“There have already been some discussions about changing the operators’ share in order to enhance the bidding and perhaps get more bidders and more machines,” he said. “I certainly couldn’t support that. I think that would be disingenuous to the people of Maryland who voted for this with the expectations laid out in the referendum.”

Mathias said he could not support changing the rules in the middle of the game, especially after the long, arduous route slots took to gain approval.

“That train has left the station,” he said. “It’s been discussed, voted on by the legislature and ratified by the people. I think we were all excited about the speculation that there might have been more than one bidder because more bidders would have raised the dividends for Maryland.”

Despite the low number of bids and the even lower number of proposed slot machines, Mathias said he was not critical of the bidders, given the economic uncertainties.

“I really don’t have any problem with them starting off responsibly,” he said. “This is an industry we’ve decided we’re going to embrace in this state and I would like them to be successful. Starting off at the maximum in this economy might set them up for failure.”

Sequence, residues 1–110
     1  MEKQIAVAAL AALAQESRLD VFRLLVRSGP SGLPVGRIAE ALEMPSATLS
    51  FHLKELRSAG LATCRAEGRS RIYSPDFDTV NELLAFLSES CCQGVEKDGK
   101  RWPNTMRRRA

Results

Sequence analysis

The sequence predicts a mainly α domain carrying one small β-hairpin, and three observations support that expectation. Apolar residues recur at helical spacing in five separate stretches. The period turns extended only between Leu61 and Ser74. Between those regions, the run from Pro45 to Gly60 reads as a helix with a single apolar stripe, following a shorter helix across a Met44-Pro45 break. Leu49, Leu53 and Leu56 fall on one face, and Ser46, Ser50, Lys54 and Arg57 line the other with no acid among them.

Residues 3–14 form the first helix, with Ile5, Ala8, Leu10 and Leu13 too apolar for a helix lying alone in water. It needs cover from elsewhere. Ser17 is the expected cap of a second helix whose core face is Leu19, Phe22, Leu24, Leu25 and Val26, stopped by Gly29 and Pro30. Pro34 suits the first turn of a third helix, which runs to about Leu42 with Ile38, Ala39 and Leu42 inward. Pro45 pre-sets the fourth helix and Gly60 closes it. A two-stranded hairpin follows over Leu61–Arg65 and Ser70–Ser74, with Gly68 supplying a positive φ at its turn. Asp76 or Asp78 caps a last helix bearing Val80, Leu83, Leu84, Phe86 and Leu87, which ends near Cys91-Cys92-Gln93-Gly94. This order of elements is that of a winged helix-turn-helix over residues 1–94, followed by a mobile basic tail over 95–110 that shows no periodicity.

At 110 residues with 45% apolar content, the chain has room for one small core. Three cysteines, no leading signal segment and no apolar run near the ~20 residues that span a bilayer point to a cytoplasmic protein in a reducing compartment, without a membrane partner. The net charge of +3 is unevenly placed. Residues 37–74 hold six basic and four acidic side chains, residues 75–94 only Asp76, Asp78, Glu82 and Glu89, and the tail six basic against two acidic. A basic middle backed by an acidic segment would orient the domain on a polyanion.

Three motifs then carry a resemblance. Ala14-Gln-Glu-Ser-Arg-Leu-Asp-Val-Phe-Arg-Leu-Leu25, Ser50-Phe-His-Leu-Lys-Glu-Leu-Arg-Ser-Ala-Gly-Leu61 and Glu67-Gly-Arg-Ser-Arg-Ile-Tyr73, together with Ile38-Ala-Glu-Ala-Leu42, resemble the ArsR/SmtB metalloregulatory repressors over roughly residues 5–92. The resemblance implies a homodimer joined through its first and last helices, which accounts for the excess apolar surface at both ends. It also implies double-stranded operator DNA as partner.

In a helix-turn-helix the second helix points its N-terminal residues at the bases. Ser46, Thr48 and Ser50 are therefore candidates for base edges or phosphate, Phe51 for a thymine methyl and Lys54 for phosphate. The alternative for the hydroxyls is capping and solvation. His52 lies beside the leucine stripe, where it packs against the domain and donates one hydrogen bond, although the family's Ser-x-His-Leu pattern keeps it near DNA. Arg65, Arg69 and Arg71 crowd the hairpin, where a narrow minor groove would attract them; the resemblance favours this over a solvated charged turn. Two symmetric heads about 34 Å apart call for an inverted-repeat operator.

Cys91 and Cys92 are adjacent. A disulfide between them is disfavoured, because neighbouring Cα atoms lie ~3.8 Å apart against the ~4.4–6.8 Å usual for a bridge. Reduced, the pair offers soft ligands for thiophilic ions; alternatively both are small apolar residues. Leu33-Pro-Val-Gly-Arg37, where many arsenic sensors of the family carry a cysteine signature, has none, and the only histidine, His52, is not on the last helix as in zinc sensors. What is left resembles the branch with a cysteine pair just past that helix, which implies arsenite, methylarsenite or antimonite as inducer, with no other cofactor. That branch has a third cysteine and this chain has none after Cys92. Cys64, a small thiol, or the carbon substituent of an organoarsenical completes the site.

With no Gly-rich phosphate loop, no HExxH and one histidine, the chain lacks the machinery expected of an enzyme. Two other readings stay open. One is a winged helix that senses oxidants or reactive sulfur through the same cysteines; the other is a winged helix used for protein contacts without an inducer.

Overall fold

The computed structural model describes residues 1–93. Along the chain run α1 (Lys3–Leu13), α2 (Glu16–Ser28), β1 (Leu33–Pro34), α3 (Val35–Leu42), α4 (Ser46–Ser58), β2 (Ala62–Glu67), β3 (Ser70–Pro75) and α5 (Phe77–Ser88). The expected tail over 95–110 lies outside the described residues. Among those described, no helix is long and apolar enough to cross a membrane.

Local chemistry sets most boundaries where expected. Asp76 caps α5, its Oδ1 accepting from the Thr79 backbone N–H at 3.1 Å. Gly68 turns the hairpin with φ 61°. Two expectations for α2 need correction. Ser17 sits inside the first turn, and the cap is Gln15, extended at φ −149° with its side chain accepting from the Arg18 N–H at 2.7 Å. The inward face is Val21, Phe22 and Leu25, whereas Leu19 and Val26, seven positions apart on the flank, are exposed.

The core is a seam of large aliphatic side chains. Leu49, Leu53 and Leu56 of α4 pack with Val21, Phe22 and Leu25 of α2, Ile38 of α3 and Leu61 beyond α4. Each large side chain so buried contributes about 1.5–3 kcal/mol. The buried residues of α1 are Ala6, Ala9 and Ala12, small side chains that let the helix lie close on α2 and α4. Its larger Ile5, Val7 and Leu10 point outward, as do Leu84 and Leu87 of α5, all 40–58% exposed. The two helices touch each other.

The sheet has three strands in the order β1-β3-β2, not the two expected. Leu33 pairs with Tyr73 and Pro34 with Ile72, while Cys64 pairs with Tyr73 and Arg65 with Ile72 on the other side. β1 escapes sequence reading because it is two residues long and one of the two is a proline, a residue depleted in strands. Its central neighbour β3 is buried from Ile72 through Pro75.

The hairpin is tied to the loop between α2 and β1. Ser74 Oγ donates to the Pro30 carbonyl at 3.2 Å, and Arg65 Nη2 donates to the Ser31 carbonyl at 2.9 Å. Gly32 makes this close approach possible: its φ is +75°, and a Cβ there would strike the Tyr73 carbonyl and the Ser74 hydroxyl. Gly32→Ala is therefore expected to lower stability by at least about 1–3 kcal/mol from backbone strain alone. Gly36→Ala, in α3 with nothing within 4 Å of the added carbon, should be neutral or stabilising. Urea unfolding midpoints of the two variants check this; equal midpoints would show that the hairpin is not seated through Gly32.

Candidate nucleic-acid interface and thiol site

Mathias said those who are solvent enough to weather the current economic crisis in terms of the slots bids would likely come out on top at the end. 

“This is a 15-year contract and we need to make sure we have responsible bidders in for the long haul,” he said. “The bidders need to be able to make the investments necessary to meet and even exceed people’s expectations. I think that’s what we saw this week.”

At the end of the day, with all of the concerns about the potential impacts on the community and the heated debate about the local revenue sharing plan, starting smaller might be a better course of action, according to Mathias.

“Maybe this is a good thing for Worcester County, Ocean Pines and Ocean City to see if we can start with this new industry and allow it to integrate at a slower evolution instead of getting 2,500 right off the bat,” he said. “This might give us the opportunity to measure the impacts to the community on a smaller scale and make adjustments as this thing evolves.”